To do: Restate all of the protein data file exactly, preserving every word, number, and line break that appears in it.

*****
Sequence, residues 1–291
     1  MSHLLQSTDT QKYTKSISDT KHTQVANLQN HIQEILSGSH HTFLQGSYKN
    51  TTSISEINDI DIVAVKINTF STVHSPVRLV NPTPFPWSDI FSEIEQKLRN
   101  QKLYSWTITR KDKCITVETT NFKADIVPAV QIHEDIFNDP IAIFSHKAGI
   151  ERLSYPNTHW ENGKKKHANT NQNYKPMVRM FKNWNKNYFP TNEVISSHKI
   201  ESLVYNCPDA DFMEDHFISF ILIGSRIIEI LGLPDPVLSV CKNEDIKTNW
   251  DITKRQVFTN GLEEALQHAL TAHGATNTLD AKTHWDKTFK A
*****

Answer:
Sequence, residues 1–291
     1  MSHLLQSTDT QKYTKSISDT KHTQVANLQN HIQEILSGSH HTFLQGSYKN
    51  TTSISEINDI DIVAVKINTF STVHSPVRLV NPTPFPWSDI FSEIEQKLRN
   101  QKLYSWTITR KDKCITVETT NFKADIVPAV QIHEDIFNDP IAIFSHKAGI
   151  ERLSYPNTHW ENGKKKHANT NQNYKPMVRM FKNWNKNYFP TNEVISSHKI
   201  ESLVYNCPDA DFMEDHFISF ILIGSRIIEI LGLPDPVLSV CKNEDIKTNW
   251  DITKRQVFTN GLEEALQHAL TAHGATNTLD AKTHWDKTFK A